Nylars Rundkirke, Bornholm
Kirkens døbefont er et senromansk, gotlandsk kalkstensarbejde af den såkaldte keglestubtype. Dåbsfader viser en mandsprofil og en halvt udpudset indskrift Marcus Tullius Cicero. Fadets oprindelige formål har sikkert være at frembære tvætteduge ved rigmændenes fester. Det er et sydtysk arbejde fra ca 1575.
Krucifixet er et korbuekrucifix fra ca 1600.
De to alterstager er sengotiske. De hviler på tre fødder af form som siddende løver. Den udskårne engel med det flagrende lændeklæde i korhvælvingen er fra ca 1750.
I ufredstider var Bornholm, med sin isolerede beliggenhed, overladt til sig selv, og kirken har bland...
Arnager Harbour is Bornholm's largest "offshore harbour" and the only harbour on the south coast that...
Here is the highest point of Bornholm - Rytterknægten (162 metres).The 13 m high granite tower was bu...
Aa Kirke er Bornholms formentlig ældste kirke fra omkring år 1100 og ligger i Aakirkeby, der har navn...
Aa Church, the largest church in Bornholm, was erected about 1150 in Romanesque style. In medieval ti...
Billede fra havnen ved Nørrekås.
Europe is generally agreed to be the birthplace of western culture, including such legendary innovations as the democratic nation-state, football and tomato sauce.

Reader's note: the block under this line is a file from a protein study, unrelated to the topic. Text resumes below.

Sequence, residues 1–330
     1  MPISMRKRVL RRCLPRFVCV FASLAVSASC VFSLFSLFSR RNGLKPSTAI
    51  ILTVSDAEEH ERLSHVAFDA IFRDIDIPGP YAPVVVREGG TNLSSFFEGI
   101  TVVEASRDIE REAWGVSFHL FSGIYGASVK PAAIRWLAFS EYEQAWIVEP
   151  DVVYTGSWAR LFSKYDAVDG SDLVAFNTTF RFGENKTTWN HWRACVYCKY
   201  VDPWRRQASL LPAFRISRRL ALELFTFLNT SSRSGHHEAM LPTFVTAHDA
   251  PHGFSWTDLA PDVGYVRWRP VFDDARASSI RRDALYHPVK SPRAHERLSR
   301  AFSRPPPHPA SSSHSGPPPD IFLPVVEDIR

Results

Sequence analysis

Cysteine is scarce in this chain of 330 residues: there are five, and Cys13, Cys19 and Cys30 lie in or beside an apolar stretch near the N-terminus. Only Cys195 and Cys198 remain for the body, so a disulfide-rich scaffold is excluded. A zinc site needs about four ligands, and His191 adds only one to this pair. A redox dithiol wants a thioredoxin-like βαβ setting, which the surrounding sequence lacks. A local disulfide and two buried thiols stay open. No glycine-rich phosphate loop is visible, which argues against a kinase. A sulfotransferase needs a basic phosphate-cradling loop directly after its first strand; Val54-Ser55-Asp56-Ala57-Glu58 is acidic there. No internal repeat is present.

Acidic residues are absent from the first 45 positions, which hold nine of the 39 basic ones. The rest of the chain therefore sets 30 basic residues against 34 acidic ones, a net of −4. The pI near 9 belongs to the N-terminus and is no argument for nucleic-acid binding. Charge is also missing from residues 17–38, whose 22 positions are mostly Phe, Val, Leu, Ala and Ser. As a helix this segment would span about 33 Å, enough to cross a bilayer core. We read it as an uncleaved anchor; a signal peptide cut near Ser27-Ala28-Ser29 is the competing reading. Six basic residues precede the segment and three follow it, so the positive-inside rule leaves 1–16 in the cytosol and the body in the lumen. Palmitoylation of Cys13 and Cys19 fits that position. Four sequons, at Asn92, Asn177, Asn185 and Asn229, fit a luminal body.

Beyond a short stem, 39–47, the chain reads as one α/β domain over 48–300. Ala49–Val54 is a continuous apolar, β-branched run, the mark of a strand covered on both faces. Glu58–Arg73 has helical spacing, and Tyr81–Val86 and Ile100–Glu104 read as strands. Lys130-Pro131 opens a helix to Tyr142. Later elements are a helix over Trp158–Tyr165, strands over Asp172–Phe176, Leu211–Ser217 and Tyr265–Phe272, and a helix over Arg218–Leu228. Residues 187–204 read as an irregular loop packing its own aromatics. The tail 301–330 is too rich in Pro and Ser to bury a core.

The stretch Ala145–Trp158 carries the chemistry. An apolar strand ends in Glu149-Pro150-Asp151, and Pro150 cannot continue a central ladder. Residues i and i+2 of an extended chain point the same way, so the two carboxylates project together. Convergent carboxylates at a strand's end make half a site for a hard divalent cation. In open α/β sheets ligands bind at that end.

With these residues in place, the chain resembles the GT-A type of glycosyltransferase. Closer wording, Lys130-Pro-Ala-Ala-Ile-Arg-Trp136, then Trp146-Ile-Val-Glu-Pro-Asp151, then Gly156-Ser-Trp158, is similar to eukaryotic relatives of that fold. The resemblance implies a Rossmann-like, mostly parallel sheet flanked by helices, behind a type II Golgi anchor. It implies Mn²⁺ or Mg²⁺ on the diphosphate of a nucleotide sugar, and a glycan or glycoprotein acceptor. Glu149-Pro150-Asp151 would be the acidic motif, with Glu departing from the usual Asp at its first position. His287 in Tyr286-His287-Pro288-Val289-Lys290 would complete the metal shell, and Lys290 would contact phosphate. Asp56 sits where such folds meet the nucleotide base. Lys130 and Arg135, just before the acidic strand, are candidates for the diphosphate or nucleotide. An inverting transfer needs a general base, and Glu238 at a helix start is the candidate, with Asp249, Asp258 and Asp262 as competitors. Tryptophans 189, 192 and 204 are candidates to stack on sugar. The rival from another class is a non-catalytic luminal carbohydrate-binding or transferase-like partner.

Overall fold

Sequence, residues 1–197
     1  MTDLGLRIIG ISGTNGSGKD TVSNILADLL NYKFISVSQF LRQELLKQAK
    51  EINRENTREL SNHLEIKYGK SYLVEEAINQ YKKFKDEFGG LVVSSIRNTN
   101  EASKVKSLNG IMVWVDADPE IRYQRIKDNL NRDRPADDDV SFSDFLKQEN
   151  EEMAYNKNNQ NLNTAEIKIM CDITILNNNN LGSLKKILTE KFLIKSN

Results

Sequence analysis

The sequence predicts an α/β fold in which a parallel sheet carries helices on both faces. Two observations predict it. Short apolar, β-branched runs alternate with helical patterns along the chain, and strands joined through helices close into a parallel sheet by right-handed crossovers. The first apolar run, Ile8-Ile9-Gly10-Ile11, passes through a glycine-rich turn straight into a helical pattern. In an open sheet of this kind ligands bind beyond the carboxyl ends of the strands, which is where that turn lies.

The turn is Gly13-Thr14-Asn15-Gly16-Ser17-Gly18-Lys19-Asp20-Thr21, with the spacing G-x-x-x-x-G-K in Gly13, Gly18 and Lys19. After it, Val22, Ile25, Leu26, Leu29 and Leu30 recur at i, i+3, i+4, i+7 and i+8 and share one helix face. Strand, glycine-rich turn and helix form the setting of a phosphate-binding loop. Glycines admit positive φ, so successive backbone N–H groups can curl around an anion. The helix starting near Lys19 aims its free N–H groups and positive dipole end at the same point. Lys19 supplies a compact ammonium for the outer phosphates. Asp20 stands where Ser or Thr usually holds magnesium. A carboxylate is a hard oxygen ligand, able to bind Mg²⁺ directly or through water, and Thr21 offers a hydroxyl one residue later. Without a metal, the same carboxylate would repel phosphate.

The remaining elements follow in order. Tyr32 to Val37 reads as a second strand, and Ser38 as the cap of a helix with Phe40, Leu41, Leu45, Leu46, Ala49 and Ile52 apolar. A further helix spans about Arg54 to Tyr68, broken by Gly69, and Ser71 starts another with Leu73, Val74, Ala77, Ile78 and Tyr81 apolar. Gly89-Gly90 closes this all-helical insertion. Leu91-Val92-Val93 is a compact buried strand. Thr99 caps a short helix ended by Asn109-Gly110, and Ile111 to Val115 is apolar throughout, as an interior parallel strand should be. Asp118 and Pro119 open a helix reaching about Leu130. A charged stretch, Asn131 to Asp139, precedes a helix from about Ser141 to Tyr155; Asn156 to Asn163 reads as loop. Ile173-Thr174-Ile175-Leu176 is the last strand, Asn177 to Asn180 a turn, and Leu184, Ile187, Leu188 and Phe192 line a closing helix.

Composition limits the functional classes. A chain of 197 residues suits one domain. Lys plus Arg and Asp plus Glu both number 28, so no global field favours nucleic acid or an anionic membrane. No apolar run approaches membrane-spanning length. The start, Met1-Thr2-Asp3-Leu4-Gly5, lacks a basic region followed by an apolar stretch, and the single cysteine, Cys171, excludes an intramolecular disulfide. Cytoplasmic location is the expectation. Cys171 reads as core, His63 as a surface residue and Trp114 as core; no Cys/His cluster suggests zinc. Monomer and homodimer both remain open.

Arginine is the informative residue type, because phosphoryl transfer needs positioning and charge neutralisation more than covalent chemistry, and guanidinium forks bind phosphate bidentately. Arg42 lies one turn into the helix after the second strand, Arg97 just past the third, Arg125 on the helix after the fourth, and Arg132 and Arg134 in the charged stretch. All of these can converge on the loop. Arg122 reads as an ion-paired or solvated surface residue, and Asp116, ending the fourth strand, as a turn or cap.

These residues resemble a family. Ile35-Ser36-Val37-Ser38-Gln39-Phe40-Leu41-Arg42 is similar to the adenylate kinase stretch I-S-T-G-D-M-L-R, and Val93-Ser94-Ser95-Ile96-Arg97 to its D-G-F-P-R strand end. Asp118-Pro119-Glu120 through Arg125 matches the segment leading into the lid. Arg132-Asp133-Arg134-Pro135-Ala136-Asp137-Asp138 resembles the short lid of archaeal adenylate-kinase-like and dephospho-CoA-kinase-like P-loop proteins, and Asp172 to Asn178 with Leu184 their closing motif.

The word Europe comes from the Greek goddess Europa, who was kidnapped by Zeus and plunked down on the island of Crete. Europa gradually changed from referring to mainland Greece until it extended finally to include Norway and Russia.
Don't be confused that Europe is called a continent without looking like an island, the way the other continents do. It's okay. The Ural mountains have steadily been there to divide Europe from Asia for the last 250 million years. Russia technically inhabits "Eurasia".
Europe is presently uniting into one political and economic zone with a common currency called the Euro. The European Union originated in 1993 and is now composed of 27 member states. Its headquarters is in Brussels, Belgium.
Do not confuse the EU with the Council of Europe, which has 47 member states and dates to 1949. These two bodies share the same flag, national anthem, and mission of integrating Europe. The headquarters of the Council are located in Strasbourg, France, and it is most famous for its European Court of Human Rights.
In spite of these two bodies, there is still no single Constitution or set of laws applying to all the countries of Europe. Debate rages over the role of the EU in regards to national sovereignty. As of January 2009, the Lisbon Treaty is the closest thing to a European Constitution, yet it has not been approved by all the EU states.
Text by Steve Smith.